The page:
Physicians for Social Responsibility - Kansas City

Portsmouth/Piketon Residents for Environmental Safety and Security (PRESS)

Protect Our Manoomin

Rocky Mountain Peace and Justice Center

Saginaw Home for Peace and Justice

Save Our Sky Blue Waters

Sierra Club, Atlantic Chapter

Sierra Club, Michigan Chapter

Southwest Research and Information Center

The Berkeley Fellowship of Unitarian Universalists Social Justice Committee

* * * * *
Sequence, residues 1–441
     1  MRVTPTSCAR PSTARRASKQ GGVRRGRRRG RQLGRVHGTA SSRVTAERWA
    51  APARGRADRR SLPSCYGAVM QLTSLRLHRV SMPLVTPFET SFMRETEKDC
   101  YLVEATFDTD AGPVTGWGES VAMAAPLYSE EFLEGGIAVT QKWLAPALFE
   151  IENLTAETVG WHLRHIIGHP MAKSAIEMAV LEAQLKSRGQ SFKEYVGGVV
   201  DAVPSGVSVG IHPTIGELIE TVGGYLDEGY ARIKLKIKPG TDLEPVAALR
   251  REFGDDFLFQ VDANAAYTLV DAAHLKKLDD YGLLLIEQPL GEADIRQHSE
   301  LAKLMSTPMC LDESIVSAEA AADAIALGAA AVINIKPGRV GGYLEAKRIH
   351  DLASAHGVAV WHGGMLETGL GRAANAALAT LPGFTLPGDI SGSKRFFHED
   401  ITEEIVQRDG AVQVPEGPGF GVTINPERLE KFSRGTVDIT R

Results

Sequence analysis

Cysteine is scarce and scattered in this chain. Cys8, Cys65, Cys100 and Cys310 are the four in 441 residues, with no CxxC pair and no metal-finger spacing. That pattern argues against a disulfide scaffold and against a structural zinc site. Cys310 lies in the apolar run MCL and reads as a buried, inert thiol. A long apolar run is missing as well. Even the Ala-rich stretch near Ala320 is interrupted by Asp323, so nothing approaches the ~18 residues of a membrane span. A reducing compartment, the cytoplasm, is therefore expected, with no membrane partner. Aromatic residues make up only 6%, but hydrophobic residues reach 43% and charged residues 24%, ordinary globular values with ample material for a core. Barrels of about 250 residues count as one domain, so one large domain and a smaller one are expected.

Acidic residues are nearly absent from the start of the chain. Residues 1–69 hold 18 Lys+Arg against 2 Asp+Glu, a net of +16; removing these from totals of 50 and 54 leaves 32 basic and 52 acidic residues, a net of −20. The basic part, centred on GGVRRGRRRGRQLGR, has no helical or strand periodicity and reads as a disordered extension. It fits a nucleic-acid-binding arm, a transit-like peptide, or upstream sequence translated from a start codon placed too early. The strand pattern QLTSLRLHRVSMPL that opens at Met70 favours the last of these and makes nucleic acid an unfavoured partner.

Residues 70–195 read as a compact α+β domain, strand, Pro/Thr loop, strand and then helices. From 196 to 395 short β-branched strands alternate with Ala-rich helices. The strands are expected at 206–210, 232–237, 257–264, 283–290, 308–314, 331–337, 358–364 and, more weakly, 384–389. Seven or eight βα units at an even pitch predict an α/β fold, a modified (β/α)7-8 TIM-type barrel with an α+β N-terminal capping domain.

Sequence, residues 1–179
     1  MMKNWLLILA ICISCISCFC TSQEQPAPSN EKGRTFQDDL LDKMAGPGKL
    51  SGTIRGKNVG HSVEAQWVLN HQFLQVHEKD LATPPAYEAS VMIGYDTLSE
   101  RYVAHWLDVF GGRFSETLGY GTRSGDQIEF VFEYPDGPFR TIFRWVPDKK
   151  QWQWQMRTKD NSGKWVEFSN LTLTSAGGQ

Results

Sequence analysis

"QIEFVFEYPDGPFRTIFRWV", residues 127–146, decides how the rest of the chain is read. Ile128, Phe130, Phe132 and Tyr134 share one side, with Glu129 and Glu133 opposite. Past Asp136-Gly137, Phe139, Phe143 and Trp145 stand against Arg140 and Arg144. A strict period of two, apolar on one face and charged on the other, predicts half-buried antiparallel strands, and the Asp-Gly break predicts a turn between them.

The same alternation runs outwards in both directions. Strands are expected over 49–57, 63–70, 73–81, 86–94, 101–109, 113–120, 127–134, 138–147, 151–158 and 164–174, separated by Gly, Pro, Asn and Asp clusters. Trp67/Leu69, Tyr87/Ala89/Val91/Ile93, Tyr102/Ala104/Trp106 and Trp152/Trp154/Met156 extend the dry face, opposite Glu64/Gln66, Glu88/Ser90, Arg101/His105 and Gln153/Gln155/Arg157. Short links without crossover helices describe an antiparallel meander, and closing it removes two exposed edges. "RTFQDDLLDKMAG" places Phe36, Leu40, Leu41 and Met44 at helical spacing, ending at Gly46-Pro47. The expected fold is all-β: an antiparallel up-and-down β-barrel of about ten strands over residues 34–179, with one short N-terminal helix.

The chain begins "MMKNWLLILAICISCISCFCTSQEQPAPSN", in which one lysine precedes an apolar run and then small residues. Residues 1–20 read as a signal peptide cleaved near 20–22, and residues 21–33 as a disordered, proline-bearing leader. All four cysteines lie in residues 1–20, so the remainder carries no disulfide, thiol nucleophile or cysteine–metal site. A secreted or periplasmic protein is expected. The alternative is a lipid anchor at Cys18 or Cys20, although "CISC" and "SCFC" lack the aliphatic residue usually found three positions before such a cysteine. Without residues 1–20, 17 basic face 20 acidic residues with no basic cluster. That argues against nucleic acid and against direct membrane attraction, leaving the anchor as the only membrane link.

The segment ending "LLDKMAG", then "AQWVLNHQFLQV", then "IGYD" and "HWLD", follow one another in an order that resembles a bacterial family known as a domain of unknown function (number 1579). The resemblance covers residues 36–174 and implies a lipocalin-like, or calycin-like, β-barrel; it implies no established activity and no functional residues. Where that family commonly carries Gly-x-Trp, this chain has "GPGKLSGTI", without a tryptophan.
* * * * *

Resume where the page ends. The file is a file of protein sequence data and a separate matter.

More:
The Colorado Coalition for Prevention of Nuclear War

The Helen Caldicott Foundation

The Hiroshima Nagasaki Day Coalition

Uranium Watch

Vermont Citizens Action Network

Women's International League for Peace and Freedom, U.S. Section/Earth Democracy Campaign

BI Umweltschutz Lüchow - Dannenberg

Platform Against Nuclear Dangers Salzburg

WISE (World Information Service on Energy)

#nuclear #government